This title was reviewed on Nintendo Switch, but is also available for PS4 and PC.
Protecting one’s carrots is the ninja way, BELIEVE IT! And in Ninjin: Clash of Carrots, the job of both the ninja rabbit, Ninjin and the ninja fox, Akai is to protect the town’s carrots from the evil warlord. Though, don’t let childish characters and plot fool you, Ninjin: Clash of Carrots has deep gameplay layered underneath its simplistic plot. It’s a multilayered sidescrolling beat-em up game that appears to be targeted at children while playing like it’s made for adults. The question is, does this childish illusion work?
The first layer of this game you find yourself confronted with is the childish tone. Even just hearing the name Ninjin: Clash of Carrots, my mind is instantly drawn to thinking about Ninjago, the children’s game. Adding on top of that the Clash of the Carrots title makes it sound a little lame, to put it bluntly. So coming into this game, I was expecting a babyish game that would hold my hand and wouldn’t work me mentally. This was also reinforced by the fact that the art style is basic and lacking detail. Backgrounds are made up of circles and boxes, creating rough trees with no real variation to keep you entertained. Alongside an intro filled with lame jokes, I felt like within the first three minutes of opening up this game I was 10 again.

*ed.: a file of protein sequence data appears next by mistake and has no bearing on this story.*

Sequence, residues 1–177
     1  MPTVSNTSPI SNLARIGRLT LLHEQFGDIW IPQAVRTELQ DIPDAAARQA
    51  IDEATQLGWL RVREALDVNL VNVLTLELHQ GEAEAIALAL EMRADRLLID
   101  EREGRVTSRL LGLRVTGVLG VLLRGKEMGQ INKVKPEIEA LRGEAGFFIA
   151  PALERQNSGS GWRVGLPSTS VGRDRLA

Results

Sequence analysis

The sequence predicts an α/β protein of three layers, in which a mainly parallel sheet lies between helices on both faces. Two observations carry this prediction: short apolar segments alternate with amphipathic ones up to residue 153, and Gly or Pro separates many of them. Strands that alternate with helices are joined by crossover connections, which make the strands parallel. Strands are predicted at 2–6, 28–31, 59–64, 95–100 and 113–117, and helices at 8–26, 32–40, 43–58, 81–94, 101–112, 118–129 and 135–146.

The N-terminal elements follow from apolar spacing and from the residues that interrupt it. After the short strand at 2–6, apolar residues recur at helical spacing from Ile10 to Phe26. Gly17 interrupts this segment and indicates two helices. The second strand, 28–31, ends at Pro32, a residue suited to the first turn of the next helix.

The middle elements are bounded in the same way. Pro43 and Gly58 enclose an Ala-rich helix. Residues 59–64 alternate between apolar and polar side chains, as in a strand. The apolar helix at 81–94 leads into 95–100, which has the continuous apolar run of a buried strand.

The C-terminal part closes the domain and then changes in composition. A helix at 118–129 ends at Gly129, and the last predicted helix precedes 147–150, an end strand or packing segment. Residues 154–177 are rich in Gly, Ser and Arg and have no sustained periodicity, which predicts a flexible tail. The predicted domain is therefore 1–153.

After three minutes this belief was immediately dispelled. Though it took a while to get to the point where I was challenged by the game, I still instantly knew that this gameplay had depth. The gameplay consists of your player or players (if you choose to use the multiplayer function), scrolling along the map slaying waves of enemies. These enemies don’t follow traditional beat em up formula, and instead of being carbon copies with the odd boss, Ninjin instead constantly adds different and interesting enemies that complement each other. This keeps levels interesting and stops it from falling into the pitfall of becoming a button mashing simulator. And with only three different combat options, melee, range shuriken and dash, Ninjin does a lot with a little. Combining options like dash attacks and different shurikans and swords that have different elements. This allows you to use very simple tools in many different ways, giving every player a different playstyle depending on how they like to play.
This isn’t the only option for customisation as you also gain the ability to buy special passives that can make a huge difference in how you tackle a level. Whether you want a lot of health to tank all the damage, or a large pool of stamina giving you the ability to go all guns blazing. Ninjin boasts a large variety of different tools for you to use. The only downside is unlocking everything you want can be a bit of a grind, meaning you have to be somewhat frugal with spending.
I was surprised with the level of depth to be found in a game I first believed to be childish. Though this depth didn’t exactly blend well with the childish tone. There’s an art to making a game appear like something and then shattering your beliefs by bringing you something completely different. Whilst Ninjin: Clash of Carrots didn’t blow my mind, if more justice had been given to core gameplay, tone, and visual style, this would have been a much better game. However, when looked at as individual pieces, Ninjin passes in all regards and manages to entertain but when put together, it just misses that cohesiveness to make it all merge.